“The hostage situation is an extremely sensitive one, which, unfortunately, is not unprecedented in the history of the ongoing war. These hostages are being held in locations that are difficult to get to, but not out of reach. The situation is, however, indicative of the desperation of these terrorists to avoid troops onslaught by all means,“ Edward noted.

‘Bandits unconcerned about clampdown threats’

Despite the threats to clamp down on banditry activities in the country, bandits in Sokoto State abducted 15 pupils of an Islamiya school.

This happened on Saturday morning, two days after the Kaduna schoolchildren were kidnapped.

Sokoto State Police Command confirmed the abduction, as the command’s spokesman, ASP Ahmed Rufai, said in a telephone conversation with one of our correspondents.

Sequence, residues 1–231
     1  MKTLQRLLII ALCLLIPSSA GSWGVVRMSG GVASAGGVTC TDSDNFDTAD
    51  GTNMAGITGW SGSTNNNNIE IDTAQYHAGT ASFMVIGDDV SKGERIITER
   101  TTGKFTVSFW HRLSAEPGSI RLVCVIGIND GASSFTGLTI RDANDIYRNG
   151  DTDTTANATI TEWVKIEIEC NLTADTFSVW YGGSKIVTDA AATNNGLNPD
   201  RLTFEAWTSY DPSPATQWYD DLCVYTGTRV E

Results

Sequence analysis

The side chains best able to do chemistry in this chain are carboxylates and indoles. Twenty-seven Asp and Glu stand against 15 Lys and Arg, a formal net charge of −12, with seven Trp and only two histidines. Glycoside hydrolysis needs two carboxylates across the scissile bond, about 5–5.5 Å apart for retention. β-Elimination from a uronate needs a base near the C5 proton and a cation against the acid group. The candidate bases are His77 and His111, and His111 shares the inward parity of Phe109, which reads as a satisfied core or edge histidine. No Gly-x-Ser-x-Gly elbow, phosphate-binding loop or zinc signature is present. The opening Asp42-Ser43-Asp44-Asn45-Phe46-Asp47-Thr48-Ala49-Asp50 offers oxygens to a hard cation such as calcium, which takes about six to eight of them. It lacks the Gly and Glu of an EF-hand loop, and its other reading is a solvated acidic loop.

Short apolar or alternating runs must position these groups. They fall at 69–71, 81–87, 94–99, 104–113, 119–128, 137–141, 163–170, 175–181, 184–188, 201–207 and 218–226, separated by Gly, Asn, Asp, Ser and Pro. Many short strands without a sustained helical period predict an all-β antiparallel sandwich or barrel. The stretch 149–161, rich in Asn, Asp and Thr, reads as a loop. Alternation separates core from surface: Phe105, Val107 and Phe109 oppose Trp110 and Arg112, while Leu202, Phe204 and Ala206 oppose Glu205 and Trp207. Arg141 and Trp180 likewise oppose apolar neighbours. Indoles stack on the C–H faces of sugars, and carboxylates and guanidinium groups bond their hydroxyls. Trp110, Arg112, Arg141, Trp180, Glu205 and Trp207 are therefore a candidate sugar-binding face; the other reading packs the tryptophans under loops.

He said, “They (bandits) reportedly invaded the community in the middle of the night and abducted 15 students of the Islamiya School.

“They also abducted one woman, who is a resident of the community.”

No ransom for kidnappers – FG

The Federal Government on Wednesday said it would not pay “a dime” as ransom for the release of the abducted schoolchildren and staff of LEA Primary School and Government Secondary School in Kuriga, Kaduna State.

“Mr. President reiterated his zero tolerance for the payment of ransom…and Mr. President has also directed that no ransom will be paid by the government to any of these criminal elements,” the Minister of Information and National Orientation, Mohammed Idris, told State House correspondents at the end of Wednesday’s Federal Executive Council meeting held at the Aso Rock Villa, Abuja.